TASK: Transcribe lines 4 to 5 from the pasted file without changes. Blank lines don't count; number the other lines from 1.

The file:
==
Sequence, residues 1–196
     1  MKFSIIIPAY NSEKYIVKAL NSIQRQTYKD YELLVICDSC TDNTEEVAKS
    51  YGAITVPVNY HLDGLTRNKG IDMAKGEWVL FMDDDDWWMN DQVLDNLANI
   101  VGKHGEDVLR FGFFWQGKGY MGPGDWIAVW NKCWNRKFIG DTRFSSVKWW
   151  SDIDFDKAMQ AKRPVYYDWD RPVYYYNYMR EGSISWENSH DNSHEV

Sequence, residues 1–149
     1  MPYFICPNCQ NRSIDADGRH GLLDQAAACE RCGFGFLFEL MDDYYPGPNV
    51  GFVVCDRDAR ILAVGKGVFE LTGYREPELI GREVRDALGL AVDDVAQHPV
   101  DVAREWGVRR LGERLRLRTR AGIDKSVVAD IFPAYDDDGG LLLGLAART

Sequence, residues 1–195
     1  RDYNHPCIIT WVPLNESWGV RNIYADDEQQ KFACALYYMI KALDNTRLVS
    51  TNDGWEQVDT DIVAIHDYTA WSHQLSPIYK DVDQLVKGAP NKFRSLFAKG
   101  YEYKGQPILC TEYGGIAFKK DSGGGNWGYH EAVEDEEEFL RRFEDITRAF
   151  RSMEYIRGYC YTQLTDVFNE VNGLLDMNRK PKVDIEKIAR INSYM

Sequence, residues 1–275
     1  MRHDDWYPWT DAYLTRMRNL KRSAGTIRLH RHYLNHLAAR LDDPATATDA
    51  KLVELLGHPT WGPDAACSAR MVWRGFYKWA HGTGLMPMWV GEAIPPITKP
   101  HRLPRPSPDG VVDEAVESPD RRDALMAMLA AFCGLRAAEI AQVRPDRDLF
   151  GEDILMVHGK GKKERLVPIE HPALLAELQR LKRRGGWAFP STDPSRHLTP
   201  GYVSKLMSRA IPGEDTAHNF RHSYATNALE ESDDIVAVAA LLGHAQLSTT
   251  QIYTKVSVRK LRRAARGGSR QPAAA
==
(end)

   101  VGKHGEDVLR FGFFWQGKGY MGPGDWIAVW NKCWNRKFIG DTRFSSVKWW
   151  SDIDFDKAMQ AKRPVYYDWD RPVYYYNYMR EGSISWENSH DNSHEV